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Language and Mind, Week 8

by: Carole Boulware

Language and Mind, Week 8 LING 275

Carole Boulware
GPA 3.3

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Language and Mind, Week 8
Language and Mind
Elsi Miia Kaiser, Rachel Walker
Class Notes
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This 2 page Class Notes was uploaded by Carole Boulware on Wednesday July 20, 2016. The Class Notes belongs to LING 275 at University of Southern California taught by Elsi Miia Kaiser, Rachel Walker in Spring 2016. Since its upload, it has received 10 views. For similar materials see Language and Mind in Linguistics at University of Southern California.


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Date Created: 07/20/16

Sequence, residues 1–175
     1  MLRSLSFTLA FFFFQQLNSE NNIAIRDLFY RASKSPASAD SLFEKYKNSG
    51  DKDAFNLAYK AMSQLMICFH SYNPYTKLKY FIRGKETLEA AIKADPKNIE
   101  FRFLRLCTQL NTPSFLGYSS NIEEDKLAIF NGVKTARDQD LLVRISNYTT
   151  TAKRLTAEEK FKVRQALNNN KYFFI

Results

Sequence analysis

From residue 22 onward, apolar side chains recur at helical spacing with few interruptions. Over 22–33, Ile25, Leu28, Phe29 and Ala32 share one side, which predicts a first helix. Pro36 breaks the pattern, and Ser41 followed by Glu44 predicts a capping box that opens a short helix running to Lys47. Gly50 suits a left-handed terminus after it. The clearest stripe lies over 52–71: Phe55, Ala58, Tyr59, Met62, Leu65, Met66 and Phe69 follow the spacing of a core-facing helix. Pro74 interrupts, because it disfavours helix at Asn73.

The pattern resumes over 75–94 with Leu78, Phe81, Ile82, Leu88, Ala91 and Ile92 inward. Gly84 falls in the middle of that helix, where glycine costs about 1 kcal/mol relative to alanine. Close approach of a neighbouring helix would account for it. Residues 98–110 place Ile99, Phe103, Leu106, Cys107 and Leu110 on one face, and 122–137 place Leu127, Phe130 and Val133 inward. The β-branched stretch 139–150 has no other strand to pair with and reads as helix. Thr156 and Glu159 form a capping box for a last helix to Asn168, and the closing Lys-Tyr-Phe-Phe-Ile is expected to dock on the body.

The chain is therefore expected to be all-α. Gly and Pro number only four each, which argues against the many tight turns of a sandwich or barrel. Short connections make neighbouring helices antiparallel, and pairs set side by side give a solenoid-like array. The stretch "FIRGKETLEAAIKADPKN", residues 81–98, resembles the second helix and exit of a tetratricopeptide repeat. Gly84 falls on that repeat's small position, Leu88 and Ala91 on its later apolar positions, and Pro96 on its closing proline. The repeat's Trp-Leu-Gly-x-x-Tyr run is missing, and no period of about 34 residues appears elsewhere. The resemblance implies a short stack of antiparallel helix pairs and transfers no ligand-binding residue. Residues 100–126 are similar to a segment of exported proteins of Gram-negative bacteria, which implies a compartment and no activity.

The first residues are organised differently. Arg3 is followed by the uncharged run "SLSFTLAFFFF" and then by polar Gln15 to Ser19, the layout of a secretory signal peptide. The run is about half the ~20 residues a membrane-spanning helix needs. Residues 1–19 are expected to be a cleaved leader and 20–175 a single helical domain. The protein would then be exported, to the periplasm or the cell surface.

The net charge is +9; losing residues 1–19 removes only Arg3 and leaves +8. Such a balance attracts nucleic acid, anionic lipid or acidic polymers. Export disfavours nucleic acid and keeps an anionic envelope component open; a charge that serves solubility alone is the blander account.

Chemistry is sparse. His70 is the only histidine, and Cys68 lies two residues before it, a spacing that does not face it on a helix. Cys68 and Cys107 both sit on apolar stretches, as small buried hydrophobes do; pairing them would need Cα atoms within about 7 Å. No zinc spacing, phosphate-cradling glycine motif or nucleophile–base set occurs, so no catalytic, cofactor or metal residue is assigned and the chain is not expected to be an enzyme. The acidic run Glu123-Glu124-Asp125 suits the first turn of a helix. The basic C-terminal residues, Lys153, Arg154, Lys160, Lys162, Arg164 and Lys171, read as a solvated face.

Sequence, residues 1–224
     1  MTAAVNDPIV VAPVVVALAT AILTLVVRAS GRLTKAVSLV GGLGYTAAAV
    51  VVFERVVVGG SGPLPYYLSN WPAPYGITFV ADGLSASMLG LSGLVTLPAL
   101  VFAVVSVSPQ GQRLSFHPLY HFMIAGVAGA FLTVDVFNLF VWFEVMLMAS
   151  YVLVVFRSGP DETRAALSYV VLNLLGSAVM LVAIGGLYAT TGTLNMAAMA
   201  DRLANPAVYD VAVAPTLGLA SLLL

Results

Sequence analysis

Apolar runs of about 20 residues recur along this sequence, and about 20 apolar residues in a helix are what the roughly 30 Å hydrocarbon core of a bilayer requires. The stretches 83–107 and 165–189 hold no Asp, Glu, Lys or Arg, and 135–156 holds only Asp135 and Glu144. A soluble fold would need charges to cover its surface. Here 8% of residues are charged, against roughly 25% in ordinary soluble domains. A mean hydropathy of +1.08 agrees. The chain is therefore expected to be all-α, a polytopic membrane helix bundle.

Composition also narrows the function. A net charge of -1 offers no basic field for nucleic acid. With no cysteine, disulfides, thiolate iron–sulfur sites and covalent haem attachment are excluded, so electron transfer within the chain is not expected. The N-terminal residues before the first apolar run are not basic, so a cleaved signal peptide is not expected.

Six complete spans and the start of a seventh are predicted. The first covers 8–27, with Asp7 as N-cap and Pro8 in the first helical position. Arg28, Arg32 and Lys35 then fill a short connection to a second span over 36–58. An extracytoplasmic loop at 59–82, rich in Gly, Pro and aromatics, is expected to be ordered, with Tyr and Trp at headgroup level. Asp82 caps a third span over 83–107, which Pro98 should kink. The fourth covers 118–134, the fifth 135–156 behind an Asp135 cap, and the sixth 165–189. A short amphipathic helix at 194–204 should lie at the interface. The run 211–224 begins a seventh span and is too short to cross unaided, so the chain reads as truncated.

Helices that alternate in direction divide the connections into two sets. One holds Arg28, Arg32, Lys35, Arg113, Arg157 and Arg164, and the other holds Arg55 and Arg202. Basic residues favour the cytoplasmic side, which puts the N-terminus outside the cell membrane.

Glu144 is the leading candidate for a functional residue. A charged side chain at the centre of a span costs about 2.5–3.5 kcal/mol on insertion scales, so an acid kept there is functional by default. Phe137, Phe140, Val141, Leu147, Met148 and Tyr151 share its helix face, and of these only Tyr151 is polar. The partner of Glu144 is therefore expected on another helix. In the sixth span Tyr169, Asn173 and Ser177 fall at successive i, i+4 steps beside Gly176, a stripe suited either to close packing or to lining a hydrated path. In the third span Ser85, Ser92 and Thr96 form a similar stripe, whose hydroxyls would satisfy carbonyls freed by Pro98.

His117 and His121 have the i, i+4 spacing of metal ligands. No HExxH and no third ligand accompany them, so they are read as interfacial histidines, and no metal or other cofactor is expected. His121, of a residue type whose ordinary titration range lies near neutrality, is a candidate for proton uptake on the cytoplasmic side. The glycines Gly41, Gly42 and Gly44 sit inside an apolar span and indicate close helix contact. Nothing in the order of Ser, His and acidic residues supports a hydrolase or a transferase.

LING 275 Language and Mind, Spring 2016, Kaiser/Walker Learning how to read [Overview of March 31, 2016] Speaking – part of our biology  All children learn to speak, no explicit instruction needed Reading – relatively recent cultural invention  Until recently, very few people learned to read.  Learning to read requires extensive, explicit instruction.  Healthy, intelligent people can have difficulty reading, intelligence has little connection to reading ability Early reading ability correlates with later reading proficiency st th  Reading ability in 1 grade is a good indication of 11 -grade reading proficiency  Individual differences in reading skill get bigger over time  Good readers improve faster (and get even better because read more) than weak readers Literacy: Why is learning how to be a good reader so important? Methods of instruction: 1. Phonics  Focus on sound-letter correspondences, sub-parts of words  Alphabetic principle: There are reliable correspondences between letters and the sounds that they stand for o English has exceptions, but there are regularities to many (but not all) exceptions (see class handout)  Modern phonics instruction: 2. Whole-word  ‘Look-say’method; focus on recognizing words by memorization, sight reading (e.g. ‘shape’worksheets)  Mainly focus on words as whole units  Assumption: repeated exposure will teach children to recognize a word as a whole  (Later: focus on sound-letter correspondences) 3. Whole language  Focus on whole words and sentences, child’s experience with language  Little or no error correction  Aim: teach reading by making it enjoyable, empower learner, teacher flexibility  Assumptions/claims of whole-language approach: o Learning to read is natural, just like learning to talk o Some assume/claim that phonics instruction is harmful 1 But: Learning how to read  learning how to speak  Most children do not learn how to read without instruction  Children with high IQ aren’t necessarily good readers Research supports importance of sound-letter correspondences during reading Classroom studies: #1Adults  Teaching adult English speakersArabic letters  Phonics approach or whole-language approach  Phonics group able to read more new words than whole-language group Classroom studies: #2 First-graders  10 classrooms taught w/ phonics, 10 classrooms taught w/ whole language  Phonics group scored higher on reading and comprehension by the end of the year  Why is an understanding of sound-to-letter correspondences so important for learning how to read? (See also class handout) Arbitrary Arbitrary WORD & Unsystematic MEANING & Unsystematic Mapping Mapping(but children already know it) SPELLING PHONOLOGY Fairly systematic More in lab next week on this: Phonics? Focus on: Spelling  Phonology  Meaning Whole-word/Whole language? Focus on: Spelling  Meaning Quote from the reading: “The process of mentally sounding out words is an integral part of silent reading, even for the highly skilled… …learning the correspondences between letters and sounds – that is to say, phonics – is keenly important for beginners” (Rayner et al.) Ghoti = fish? Rough, women, nation 2


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